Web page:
Chris Frey wrote:
> Man that was brutal... in the future you might want to
> use something like GNU indent and make a release with only formatting changes.
Noted, but hopefully there will be no "next time". :)
Also, the public Subversion repository is coming soon, so it'll be
possible to skip over big formatting changes, since I usually check them
in separately from other changes.
> Then it wouldn't be such a pain to track real changes with diff.
Understood. I'm not a big code style Nazi, but the previous style stunk
so bad I couldn't tolerate it. You'd have thunk that whitespace cost
money, the way it was used in the older code....
The new style is pretty common, so hopefully everyone will be able to
> const char *str; // this is good
> const char* str; // this is bad
I've been on both sides of that fence, and have landed on the latter
because the star modifies the type here, not "str".
> Because it makes the following valid code look correct, when it usually isn't:
> const char* str1, str2;
Not a sufficient reason to change it back. This is just a weakness in
C's design, which I compensate for by never declaring two pointers in
one statement. Then the issue never comes up.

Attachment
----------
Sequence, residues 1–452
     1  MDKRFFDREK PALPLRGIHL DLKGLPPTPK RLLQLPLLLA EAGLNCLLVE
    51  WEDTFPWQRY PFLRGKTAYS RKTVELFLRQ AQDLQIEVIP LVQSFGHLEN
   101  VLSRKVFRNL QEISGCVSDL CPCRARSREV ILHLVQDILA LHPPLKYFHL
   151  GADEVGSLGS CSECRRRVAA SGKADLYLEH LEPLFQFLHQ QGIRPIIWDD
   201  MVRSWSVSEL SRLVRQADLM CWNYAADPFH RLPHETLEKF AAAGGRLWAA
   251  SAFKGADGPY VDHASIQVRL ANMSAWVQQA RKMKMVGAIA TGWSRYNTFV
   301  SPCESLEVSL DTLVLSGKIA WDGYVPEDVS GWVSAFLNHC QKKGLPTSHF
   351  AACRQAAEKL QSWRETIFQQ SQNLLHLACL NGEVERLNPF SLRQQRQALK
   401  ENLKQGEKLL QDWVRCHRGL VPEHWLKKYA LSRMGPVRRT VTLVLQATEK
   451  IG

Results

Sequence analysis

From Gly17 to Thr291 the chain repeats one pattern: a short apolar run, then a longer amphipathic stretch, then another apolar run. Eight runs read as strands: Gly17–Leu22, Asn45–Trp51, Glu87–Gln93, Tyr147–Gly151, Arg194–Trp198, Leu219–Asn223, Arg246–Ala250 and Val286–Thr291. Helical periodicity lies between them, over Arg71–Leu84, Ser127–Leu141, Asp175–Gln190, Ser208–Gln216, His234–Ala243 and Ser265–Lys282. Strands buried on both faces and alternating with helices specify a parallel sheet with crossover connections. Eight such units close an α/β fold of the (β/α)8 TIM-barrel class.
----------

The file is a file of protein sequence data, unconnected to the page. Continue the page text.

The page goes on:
> (I've been of this opinion before Joel Spolsky wrote about it too)
Some other luminary convinced me to change my style to the current one.
I could drop that name, if I remembered which one.
Point is, smart people disagree on points like this. At some point,
it's good enough that you follow a consistent style. The details don't
matter enough to make fighting worthwhile.
> That said, in general the old formatting style was rather compact and
> hard to parse, so thanks for the work so far. :-)
If there are any more instances where attention is needed, let me know.
I didn't find any on a quick once-over before the release, but I could
easily have missed some.
The most likely class of problems needing attention are where I missed
fixing things resulting from indent's weak knowledge of C++. indent
doesn't really know C++, so things like the & in references and the
angle brackets in templates confuse it. It thinks they're C operators,
so it adds spaces around them.